Exposé at Uber o≠ers a lesson of the times
Even the hint of a toxic workplace can be a liability for companies
Corporate culture has long been the sort of squishy management consultant term that’s hard to define, even harder to change, and the recipient of lots of lip service yet little action by chief executives.
But however amorphous the term may be, its importance was stamped into stark relief this week after a former female Uber engineer made allegations about a sexist, chaotic and aggressive culture — “a game-of-thrones political war,” she called it — at the Silicon Valley company in a deeply unsettling blog post about her experience there.
The viral essay spawned devastating follow-up stories by journalists about the company’s “Hobbesian environment” and its “human resources mess.” It revived a #DeleteUber social-media boycott of the ride-sharing app that cropped up after President Trump’s travel ban. On CNBC, one venture capitalist called the allegations “a huge deal” as the company moves toward an expected IPO.
Early Uber investors Mitch Kapor and Fraeda Kapor Klein, who also works on diversity issues in Silicon Valley, penned an open letter Thursday saying they are “disappointed and frustrated,” and “concerned that the company
will try to manage its way past this crisis and then go back to business as usual.”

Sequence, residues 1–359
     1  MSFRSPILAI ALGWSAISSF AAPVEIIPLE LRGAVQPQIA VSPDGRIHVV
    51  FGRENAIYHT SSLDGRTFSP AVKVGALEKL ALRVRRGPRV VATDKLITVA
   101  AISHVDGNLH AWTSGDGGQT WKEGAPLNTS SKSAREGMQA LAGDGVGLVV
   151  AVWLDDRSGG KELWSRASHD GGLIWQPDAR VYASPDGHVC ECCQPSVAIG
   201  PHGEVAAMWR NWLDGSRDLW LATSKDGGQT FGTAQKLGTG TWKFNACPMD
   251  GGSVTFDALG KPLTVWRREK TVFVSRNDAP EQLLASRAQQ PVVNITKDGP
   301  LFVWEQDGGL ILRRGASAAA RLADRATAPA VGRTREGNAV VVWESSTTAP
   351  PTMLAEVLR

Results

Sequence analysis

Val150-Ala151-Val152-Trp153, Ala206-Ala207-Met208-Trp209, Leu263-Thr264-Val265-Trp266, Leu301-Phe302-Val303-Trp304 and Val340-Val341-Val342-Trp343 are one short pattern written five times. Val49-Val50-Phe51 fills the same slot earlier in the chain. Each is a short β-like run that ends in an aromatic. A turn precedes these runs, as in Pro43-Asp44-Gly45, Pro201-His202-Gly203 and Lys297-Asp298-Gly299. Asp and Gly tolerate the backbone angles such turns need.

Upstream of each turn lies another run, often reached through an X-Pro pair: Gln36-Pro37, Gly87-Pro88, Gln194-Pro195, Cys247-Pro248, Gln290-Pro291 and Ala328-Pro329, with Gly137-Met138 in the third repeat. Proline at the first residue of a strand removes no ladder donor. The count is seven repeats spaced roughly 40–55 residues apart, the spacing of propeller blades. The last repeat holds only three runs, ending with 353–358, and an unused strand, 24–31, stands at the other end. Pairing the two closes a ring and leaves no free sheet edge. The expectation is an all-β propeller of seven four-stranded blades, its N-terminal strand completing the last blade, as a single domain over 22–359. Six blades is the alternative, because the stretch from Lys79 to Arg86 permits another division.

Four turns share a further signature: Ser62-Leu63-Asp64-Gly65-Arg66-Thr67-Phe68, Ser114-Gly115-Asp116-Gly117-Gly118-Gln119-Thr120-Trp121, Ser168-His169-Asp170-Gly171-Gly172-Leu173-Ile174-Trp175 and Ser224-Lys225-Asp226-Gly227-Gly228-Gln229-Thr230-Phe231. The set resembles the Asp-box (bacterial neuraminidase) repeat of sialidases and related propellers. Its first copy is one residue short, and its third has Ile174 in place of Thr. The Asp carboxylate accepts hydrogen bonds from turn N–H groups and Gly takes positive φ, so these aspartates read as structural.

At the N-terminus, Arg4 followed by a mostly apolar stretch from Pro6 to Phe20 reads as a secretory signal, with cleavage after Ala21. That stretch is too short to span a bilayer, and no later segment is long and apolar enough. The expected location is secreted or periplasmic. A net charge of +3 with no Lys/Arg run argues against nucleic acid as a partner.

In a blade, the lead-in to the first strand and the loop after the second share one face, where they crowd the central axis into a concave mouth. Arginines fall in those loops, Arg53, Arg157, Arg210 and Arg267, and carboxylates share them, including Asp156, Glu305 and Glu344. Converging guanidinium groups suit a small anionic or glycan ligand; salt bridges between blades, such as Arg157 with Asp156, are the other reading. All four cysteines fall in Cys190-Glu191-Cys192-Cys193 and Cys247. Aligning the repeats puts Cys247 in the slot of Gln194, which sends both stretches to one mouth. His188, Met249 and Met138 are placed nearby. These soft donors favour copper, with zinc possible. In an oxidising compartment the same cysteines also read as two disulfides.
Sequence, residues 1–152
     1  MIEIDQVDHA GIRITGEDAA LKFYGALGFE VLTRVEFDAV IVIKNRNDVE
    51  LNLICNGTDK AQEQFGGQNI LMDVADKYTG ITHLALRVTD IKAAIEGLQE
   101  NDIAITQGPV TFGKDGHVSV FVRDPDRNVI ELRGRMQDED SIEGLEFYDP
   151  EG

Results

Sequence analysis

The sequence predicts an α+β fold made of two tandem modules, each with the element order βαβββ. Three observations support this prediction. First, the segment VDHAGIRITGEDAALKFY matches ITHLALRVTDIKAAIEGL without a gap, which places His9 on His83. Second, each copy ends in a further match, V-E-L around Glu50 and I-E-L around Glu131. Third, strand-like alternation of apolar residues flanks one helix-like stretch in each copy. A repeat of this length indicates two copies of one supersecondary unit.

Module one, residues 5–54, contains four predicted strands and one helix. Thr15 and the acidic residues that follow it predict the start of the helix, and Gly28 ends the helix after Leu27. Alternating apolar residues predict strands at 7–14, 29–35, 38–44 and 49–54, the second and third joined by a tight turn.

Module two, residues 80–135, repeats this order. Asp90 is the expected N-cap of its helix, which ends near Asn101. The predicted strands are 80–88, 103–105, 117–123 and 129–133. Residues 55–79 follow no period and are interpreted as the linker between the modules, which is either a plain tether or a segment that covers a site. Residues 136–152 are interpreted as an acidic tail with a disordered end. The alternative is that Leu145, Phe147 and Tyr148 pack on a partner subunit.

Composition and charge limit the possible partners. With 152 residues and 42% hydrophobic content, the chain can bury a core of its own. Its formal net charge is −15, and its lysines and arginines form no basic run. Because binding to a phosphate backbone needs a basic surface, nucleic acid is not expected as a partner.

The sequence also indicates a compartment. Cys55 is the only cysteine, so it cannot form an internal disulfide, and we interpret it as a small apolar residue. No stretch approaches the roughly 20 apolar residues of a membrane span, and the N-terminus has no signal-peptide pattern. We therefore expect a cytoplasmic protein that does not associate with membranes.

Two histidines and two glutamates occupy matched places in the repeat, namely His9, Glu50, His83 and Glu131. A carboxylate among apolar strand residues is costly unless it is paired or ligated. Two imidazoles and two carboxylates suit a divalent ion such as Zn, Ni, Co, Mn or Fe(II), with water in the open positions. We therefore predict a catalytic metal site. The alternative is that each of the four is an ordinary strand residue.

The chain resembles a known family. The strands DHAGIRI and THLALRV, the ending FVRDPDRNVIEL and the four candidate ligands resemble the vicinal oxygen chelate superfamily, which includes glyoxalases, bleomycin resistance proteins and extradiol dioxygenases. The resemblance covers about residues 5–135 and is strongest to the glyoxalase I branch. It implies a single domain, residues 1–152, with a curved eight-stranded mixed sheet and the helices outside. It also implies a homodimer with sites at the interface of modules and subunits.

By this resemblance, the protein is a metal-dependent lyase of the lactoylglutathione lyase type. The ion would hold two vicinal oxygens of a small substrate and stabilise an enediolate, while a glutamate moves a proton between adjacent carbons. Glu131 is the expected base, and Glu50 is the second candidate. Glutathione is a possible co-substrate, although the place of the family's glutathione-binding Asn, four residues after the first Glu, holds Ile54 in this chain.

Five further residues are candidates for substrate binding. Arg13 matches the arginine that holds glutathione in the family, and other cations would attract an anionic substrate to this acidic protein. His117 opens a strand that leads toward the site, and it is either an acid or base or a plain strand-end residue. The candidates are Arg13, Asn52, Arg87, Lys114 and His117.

More and more, stories depicting aggressive corporate culture are both the source of fascination in a social-media world and a potential reputation risk that goes well beyond what a company’s current employees and future recruits think of it. Uber is just the latest example. The fake accounts scandal at Wells Fargo laid bare a toxic sales environment fueled by high-pressure sales goals. A widely read story about Amazon’s hard-charging corporate culture in the New York Times in 2015 prompted pushback from the company months later. (Amazon chief executive Jeffrey P. Bezos owns The Washington Post.)
A company’s culture has long been an underlying actor in any story about its successes, its struggles or its failures. (Enron, anyone?) But human resources and corporate reputation experts say that shifting expectations of consumers and employees, the role of social media and increasing interest from investors in corporate culture have driven the topic to the forefront, making exposure of a company’s “how we do things around here” approach more salient and precarious than “People and analysts, in particular, are starting to say how a company treats its employees needs to be factored into valuations of the company,” said Brian Kropp, the human resources practice leader of the consultancy CEB. “A lot of them are starting to look at this issue and say that’s going to have material impact on the company.”